Reply
  • Stuka87 - Friday, March 20, 2015 - link

    I agree, and mentioned the same in the original review. The 4790K is not worth the cost because they already run warm. A slightly slower i5 would perform nearly the same due to not throttling as often. Reply
  • Refuge - Friday, March 20, 2015 - link

    I would like to see the headroom on overclocking one of these with an i5k skew now that you mention it. I mean if this is a gaming laptop, and it is using desktop sku processors (No dual core i5 issues) then the i7 was a waste of money to begin with.

    The worst part about all of this? Is that I never even thought about it until I read your comment.

    Hey Jarred, is it possible to get one of these with a Devils Canyon i5k for testing? I imagine probably not, but it doesn't hurt to ask! :D
    Reply
  • JarredWalton - Friday, March 20, 2015 - link

    @Assimilator: Remember the max turbo is 4.0 GHz on i7-4790, and you're not going to hit max turbo with all cores active. Hence, my assumption is with 4790 you will actually clock closer to 3.6GHz vs. ~3.9GHz on 4790K. And if you max out the fan speed, of course you're going to hit 4.1GHz on the 4790K even under stress conditions.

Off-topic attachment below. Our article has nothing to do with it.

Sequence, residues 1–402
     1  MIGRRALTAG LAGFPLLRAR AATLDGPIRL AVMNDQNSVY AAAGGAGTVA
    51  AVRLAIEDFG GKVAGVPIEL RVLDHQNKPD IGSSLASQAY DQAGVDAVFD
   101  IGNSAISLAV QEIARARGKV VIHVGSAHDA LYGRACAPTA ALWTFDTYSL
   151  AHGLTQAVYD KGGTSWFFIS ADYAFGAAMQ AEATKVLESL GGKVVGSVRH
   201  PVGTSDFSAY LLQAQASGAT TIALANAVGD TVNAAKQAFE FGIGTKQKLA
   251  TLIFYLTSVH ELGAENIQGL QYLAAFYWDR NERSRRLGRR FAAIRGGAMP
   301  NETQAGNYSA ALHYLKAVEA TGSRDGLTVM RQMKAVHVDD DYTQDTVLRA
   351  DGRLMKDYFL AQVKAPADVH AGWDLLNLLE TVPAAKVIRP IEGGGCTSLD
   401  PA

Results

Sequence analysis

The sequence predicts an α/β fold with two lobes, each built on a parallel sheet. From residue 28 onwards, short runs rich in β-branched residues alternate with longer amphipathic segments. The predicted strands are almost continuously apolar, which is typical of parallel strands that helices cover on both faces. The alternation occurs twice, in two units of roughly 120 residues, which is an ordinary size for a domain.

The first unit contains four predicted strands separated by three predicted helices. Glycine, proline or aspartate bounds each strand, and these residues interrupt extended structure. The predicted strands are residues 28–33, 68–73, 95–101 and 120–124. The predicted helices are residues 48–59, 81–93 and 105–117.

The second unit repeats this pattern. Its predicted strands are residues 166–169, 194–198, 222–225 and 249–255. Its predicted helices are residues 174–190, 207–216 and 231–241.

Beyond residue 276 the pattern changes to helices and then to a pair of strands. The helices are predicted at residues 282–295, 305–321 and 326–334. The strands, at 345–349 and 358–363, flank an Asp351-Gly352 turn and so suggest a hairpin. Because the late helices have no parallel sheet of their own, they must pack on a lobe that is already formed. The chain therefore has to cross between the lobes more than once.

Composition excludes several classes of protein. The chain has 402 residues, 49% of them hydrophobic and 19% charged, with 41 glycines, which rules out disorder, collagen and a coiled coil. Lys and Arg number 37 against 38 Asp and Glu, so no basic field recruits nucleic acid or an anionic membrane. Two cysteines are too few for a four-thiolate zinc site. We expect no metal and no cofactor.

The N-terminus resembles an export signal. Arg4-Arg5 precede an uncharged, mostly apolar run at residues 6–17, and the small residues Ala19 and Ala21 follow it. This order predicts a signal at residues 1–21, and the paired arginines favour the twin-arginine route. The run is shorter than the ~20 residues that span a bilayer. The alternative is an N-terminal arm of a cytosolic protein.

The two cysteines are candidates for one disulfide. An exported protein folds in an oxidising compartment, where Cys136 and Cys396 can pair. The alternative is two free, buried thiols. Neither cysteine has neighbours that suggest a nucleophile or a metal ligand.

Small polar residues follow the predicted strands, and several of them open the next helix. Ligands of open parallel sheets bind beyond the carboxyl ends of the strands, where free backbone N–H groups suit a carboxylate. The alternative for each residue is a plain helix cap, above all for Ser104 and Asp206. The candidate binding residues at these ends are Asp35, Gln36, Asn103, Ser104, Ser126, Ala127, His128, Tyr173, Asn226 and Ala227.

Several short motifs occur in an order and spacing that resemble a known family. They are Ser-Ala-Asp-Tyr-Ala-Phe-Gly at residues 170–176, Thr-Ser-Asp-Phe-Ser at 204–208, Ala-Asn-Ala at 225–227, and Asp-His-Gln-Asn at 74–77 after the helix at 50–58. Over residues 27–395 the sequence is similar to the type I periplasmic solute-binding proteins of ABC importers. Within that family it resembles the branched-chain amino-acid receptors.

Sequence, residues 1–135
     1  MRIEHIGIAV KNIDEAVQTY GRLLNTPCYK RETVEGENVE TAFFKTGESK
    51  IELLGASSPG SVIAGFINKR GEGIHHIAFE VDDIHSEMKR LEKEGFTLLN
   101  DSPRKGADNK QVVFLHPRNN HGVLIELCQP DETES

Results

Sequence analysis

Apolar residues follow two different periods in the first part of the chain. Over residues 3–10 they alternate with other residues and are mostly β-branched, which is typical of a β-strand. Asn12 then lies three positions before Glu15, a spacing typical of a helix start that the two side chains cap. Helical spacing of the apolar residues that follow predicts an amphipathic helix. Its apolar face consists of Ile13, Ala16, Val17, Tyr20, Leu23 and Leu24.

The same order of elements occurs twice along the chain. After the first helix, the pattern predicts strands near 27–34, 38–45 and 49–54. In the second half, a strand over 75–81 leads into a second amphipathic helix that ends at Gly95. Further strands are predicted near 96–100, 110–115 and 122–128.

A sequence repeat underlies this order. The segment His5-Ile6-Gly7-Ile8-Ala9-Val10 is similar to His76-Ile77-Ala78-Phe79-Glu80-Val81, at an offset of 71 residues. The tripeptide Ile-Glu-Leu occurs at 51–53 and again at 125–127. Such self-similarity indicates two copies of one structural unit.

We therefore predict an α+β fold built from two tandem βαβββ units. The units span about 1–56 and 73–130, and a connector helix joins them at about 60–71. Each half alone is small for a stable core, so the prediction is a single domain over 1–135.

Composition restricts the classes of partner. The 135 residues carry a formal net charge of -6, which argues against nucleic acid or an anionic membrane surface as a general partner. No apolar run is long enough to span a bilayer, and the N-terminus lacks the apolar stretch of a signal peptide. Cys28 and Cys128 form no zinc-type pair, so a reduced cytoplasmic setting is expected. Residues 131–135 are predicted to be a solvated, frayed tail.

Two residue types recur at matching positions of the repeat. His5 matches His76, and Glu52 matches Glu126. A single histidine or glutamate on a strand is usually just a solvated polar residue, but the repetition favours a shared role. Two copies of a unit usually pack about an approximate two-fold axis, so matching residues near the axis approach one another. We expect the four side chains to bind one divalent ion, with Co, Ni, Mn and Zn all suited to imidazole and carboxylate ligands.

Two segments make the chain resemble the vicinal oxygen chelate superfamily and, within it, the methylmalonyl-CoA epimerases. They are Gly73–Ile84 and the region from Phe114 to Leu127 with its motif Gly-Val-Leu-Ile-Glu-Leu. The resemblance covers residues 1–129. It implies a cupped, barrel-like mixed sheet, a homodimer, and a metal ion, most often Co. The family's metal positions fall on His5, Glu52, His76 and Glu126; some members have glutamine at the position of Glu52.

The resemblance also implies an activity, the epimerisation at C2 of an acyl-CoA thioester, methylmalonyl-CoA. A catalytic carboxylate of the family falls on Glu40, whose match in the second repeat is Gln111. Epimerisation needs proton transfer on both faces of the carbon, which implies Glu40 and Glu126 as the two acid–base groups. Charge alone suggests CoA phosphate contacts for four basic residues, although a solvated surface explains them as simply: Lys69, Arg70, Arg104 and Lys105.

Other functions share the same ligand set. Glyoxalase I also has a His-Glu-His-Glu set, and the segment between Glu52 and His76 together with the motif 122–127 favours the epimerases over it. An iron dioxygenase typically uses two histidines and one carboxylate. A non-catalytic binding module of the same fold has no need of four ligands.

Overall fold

Regarding the i5-4690K, it's a reasonable alternative that will save $100 or so. How much slower would it be? Well, unless it overclocks to 4.0-4.4GHz, the 4790K will certainly be faster. Stock clocks are 3.5-3.9GHz. If you're buying a Eurocom P5 Pro, the the i7-4790 and i5-4690K are the same price while the i7-4790K is $91 more. On a top performance $2500+ notebook (assuming 16GB RAM, 512GB SSD, 980M) is it worth saving $91 on the CPU? I don't think so.
    Reply
  • Refuge - Friday, March 20, 2015 - link